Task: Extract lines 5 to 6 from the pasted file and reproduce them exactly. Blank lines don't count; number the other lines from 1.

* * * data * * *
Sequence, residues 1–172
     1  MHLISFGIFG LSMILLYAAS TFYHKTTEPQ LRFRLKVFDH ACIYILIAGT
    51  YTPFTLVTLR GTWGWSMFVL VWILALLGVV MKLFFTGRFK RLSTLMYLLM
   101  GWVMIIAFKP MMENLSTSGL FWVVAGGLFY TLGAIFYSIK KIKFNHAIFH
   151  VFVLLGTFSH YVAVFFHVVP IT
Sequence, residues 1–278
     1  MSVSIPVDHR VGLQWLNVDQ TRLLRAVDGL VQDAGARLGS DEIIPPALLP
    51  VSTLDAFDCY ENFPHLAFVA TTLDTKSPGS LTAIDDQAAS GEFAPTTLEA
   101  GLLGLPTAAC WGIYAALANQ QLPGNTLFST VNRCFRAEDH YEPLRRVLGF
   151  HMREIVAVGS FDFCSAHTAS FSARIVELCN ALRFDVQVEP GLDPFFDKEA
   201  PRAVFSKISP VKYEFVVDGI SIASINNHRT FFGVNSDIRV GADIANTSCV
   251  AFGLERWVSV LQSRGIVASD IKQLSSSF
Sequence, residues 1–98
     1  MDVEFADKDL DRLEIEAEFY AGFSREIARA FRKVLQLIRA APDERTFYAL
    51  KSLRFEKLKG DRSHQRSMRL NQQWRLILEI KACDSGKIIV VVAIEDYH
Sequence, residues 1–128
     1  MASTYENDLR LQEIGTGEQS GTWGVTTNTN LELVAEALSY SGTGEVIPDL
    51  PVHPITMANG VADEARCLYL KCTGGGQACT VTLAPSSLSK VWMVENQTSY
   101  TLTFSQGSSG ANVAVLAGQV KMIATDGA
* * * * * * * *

   151  VFVLLGTFSH YVAVFFHVVP IT
Sequence, residues 1–278